What is the Roth IRA 5-year rule? Important guidelines for withdrawing IRA earnings
Roth IRAs offer significant tax breaks: The money grows tax-free within the account, and you don't owe income taxes when you take it out. But, as with most tax-advantaged vehicles, there are strings attached.
In the case of Roths, it's called the 5-year rule, and it applies to account withdrawals, or distributions as the IRS calls them. If you want to keep your distributions free and clear of taxes and tax penalties, you need to understand its ins and outs.
Technically speaking, three different 5-year rules apply to Roth IRAs. Here's what you need to know about each.
1. The 5-year rule for withdrawing earnings
First, a quick Roth refresher. Roth IRAs are individual retirement accounts that you fund with after-tax dollars. That means you don't get a tax deduction for contributions when you make them, but then you don't incur taxes on distributions when you take them (the opposite of the way traditional IRAs work).
At least, that's the general rule. But a key thing you need to know about withdrawing money from a Roth IRA is that there's a difference between taking out contributions you made to the account and taking out the account earnings — that is, any interest, capital gains, or other income generated by your investments.
You can withdraw sums equal to your contributions from a Roth IRA any time, tax- and penalty-free. But earnings are more complicated.
The 5-year rule imposes a waiting period on them. It states the Roth IRA has to be at least five years old before you can withdraw any of its earnings. Even then, you may have to pay taxes and/or penalties (generally 10% of the distributed sum) depending on your age and how long you've held the account.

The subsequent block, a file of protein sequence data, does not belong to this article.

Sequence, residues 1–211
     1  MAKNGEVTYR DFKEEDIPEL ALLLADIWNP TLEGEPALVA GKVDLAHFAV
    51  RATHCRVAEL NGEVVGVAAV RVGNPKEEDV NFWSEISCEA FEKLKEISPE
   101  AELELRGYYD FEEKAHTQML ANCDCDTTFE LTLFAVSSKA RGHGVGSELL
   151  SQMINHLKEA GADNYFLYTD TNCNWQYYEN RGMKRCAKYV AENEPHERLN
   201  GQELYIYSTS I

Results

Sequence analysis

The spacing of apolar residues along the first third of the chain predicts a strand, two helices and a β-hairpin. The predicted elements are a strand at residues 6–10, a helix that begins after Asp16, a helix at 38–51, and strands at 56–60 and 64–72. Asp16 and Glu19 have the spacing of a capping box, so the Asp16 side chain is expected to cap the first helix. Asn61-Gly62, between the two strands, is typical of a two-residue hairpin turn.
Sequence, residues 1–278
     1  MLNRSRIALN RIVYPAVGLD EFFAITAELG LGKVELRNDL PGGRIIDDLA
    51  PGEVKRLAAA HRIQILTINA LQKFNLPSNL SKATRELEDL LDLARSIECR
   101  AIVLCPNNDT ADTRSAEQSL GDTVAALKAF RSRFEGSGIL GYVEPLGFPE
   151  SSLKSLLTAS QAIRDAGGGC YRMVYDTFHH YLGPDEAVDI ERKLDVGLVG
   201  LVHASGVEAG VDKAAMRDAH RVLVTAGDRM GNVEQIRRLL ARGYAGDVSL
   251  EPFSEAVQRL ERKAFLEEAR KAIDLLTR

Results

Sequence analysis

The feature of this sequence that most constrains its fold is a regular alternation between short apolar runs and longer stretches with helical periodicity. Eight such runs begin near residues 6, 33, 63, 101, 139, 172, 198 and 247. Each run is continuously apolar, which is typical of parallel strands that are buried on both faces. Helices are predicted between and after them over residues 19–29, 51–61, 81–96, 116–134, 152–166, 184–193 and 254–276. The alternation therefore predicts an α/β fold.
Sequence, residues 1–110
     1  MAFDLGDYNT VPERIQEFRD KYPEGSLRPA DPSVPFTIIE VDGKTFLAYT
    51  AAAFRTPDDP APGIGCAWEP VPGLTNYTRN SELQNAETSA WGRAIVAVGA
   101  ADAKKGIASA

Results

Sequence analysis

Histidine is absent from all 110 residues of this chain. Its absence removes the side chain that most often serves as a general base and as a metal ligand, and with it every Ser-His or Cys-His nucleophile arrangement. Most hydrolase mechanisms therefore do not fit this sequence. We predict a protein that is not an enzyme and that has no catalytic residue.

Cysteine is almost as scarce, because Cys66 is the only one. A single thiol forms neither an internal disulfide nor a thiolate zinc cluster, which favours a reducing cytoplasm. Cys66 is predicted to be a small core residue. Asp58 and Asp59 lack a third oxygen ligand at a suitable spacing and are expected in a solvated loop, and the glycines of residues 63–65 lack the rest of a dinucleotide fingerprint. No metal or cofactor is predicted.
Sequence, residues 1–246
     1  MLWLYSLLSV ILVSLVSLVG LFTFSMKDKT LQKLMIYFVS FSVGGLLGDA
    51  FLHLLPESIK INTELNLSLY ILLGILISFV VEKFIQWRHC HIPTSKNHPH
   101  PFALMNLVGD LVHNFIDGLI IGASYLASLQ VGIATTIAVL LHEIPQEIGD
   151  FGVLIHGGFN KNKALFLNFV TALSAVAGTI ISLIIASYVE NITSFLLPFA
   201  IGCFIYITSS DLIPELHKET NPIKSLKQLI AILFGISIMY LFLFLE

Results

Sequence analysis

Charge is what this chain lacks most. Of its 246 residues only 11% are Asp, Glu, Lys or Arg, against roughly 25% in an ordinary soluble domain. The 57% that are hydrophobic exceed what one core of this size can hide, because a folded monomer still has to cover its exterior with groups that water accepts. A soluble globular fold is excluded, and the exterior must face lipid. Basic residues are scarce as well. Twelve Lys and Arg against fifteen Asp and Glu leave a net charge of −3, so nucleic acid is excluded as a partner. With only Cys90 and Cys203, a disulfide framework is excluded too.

Roth IRA withdrawals if you're under 59½
Since the IRS wants you to save Roth IRA funds for your retirement, it frowns on you withdrawing them too early. It defines "too early" as age 59½. In general, if you're younger than that, you will have to pay income taxes and the 10% early withdrawal penalty on any earnings you pull out of the account.
However, there are exceptions. They include:
Let's say you do meet one of these exceptions. Here's where the 5-year rule really comes into play.
Roth IRA withdrawals if you're 59½ or older
If you've passed the magic age of 59½, things loosen up considerably. But not completely.
If you have had your Roth IRA for more than five years, you can withdraw earnings from your account for any reason without paying taxes or penalties.
If you've had the account for less than five years, the earnings portion of the withdrawal is taxable, but you don't have to pay penalties.
2. The 5-year rule for converting a Traditional IRA to a Roth IRA
The second 5-year rule applies only to funds that are part of a Roth conversion. A Roth conversion is when you roll over money from a Traditional IRA into a Roth IRA. You must pay income taxes on the rolled-over, or "converted," amount in the year you do the Roth conversion. That's why people usually only do a Roth conversion if:
The 5-year rule on Roth conversions requires you to wait five years before withdrawing any converted balances — contributions or earnings — regardless of your age. If you take money out before the five years is up, you'll have to pay a 10% penalty when you file your tax return.
One bright spot: The clock starts ticking on the first day of the year you do the conversion, no matter what date the conversion actually happened. For example, you could execute the conversion on Dec. 15, 2020, and the five years would be up on Jan. 1, 2025.
3. The 5-year rule for inherited Roth IRAs
The final 5-year rule applies to inherited Roth IRAs. Roth IRA beneficiaries can withdraw contributions from an inherited Roth account at any time (in fact, they're required to). But to withdraw earnings tax-free, the account must have been open for at least five years when the original account-holder died.
If the account hasn't been open that long, there are a few options:
The financial takeaway
Roth IRAs can be an excellent source of tax-free income, but it's important to understand the nuances of the withdrawal rules — particularly the 5-year rule — in all its permutations. Flouting the rule can be costly, especially if you're under 59½. So plan carefully — otherwise, you can wind up owing avoidable taxes and penalties.
This article was written by Janet Berry-Johnson from Business Insider and was legally licensed through the Industry Dive publisher network. Please direct all licensing questions to firstname.lastname@example.org.
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